2014_TheDigitalAge_RehearsalsVol2The Digital Age – Rehearsals, Vol. 2
I guess this is round two of the former David Crowder Band members experimenting with whatever hymn and modern worship covers were inspiring them at the time, without worrying about what would fit into an album later on. The first Rehearsals EP back in 2012 was a good appetizer for their full-length debut Evening:Morning, and I was pleased that their cover of “All the Poor and Powerless” made the final cut for the album. Here, the big flavor-of-the-year praise song being highlighted is “Oceans (Feet May Fail)”, which is given a slight electronic makeover, but which otherwise doesn’t really grab me for the same reason it hasn’t grabbed me when I’ve heard it in church. It just isn’t nearly as strong of a song to begin with. Elsehwere, their takes on old hymns and more “liturgical” material flirt with both electronica and country sounds, though not at the same time like Crowder did on his solo debut. Their up-tempo, banjo-driven take on “Blessed Assurance” is probably my favorite of the bunch. And whoever’s doing their best Johnny Cash impression on the closing track “Take Me Home”, I have to admit they had me fooled into thinking that was a cover of some obscure song of his I didn’t know about at first (it’s actually an original). Overall this isn’t as strong as the first EP or their full-length, and I’m starting to wonder if I’m going to get diminishing returns as these guys put some distance between themselves and their years with Crowder. At least there’s enough stylistic diversity here to show that they haven’t quite devolved into “generic modern praise band” territory. But they’re getting uncomfortably close to it at times.

The Digital Age – Evening:Morning: Can we just call them “The * Band?”

2013_TheDigitalAge_EveningMonringArtist: The Digital Age
Album: Evening:Morning
Year: 2013
Grade: B

In Brief: Several members of the David Crowder Band have soldiered on without Crowder… and while the results aren’t terribly surprising or deep, this is still a pretty solid, rock-oriented worship album, and I say that at a point in my life where I’m not at all easily impressed by such things.

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Obsessive Year-End List Fest 2013: Favorite Albums and Honorable Mentions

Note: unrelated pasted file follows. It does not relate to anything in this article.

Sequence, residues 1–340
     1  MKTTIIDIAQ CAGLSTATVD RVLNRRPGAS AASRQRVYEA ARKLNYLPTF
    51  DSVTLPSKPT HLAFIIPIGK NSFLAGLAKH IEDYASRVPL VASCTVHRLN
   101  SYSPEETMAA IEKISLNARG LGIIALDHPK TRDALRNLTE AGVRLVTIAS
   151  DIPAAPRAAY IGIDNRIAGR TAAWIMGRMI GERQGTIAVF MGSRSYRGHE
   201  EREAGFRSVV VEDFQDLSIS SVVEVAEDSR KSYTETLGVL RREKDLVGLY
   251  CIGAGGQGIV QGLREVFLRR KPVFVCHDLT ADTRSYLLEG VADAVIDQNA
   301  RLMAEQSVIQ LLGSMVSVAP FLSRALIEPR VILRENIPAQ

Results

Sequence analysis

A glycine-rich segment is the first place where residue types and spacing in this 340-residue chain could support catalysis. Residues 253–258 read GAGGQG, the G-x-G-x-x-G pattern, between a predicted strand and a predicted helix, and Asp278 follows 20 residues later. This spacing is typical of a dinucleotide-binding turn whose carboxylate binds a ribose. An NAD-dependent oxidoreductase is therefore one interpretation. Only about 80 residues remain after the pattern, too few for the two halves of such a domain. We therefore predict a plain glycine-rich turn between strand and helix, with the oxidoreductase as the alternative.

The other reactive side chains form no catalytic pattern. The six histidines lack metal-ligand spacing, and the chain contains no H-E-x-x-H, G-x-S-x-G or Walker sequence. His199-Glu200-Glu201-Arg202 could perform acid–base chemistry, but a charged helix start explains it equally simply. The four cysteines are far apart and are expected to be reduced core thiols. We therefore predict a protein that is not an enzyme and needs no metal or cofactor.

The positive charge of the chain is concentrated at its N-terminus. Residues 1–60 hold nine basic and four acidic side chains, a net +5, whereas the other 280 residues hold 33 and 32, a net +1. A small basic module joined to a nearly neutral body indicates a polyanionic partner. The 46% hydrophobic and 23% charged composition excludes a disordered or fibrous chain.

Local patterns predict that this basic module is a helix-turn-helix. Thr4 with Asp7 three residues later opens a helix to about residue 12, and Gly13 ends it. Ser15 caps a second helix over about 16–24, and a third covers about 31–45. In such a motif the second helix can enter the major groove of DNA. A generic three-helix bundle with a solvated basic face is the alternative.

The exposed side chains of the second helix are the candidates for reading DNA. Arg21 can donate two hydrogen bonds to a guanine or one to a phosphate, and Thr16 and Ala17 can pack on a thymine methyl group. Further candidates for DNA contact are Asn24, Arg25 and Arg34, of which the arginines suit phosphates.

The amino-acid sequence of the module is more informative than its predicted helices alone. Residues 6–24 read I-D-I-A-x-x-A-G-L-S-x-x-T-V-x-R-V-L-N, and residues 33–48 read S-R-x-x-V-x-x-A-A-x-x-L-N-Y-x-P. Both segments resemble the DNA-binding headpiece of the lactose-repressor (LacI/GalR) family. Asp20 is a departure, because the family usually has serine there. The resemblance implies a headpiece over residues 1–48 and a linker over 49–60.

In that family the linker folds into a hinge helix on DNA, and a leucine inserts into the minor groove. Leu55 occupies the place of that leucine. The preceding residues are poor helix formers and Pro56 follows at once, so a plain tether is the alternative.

For the third and final entry in this long-winded look back at the music that mattered to me this year, I present the cream of the crop – the albums that provided me with the most satisfying listening experience from beginning to end, which is a much more difficult feat than simply hooking me with a catchy song or two, and arguably a feat many artists have given up on in the age of digital music that can just as easily be released for bite-sized consumption on a sporadic schedule, rather than thought through as a fully-formed artistic statement. These albums don’t have that much in common with one another, but taken all together, they represent the weird snowball of influences that make up my musical tastes these days, ranging from old favorites who have resurfaced after lying dormant for many years, to buzz-gathering indie artists who have begun to break out of the blogosphere and into some version of “the mainstream”, to those who have given up entirely on mainstream fame and are content to Kickstarter and Indiegogo their way into fans’ hearts with no traditional support structure whatsoever. It’s all a very weird mix, but it’s all quite delicious.

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Obsessive Year-End List Fest 2013: Favorite Songs

It’s time to kick off my yearly obsession with counting things that it really makes no sense to put in order. More detailed write-ups on the full lengths albums that captivated me this year are to follow, but for now, here’s a haphazard list I’ve compiled of 100 songs that moved me this year… some physically, some emotionally, some both.

For those who’d like to follow along and listen to some of my picks, I’ve compiled a playlist (limited to one song per artist, because it’s crazy long enough already), that hits a lot of the year’s highlights, in roughly the order I came to discover them.
https://play.spotify.com/user/1297881374/playlist/22zq8wfpybMfROtcKPQTct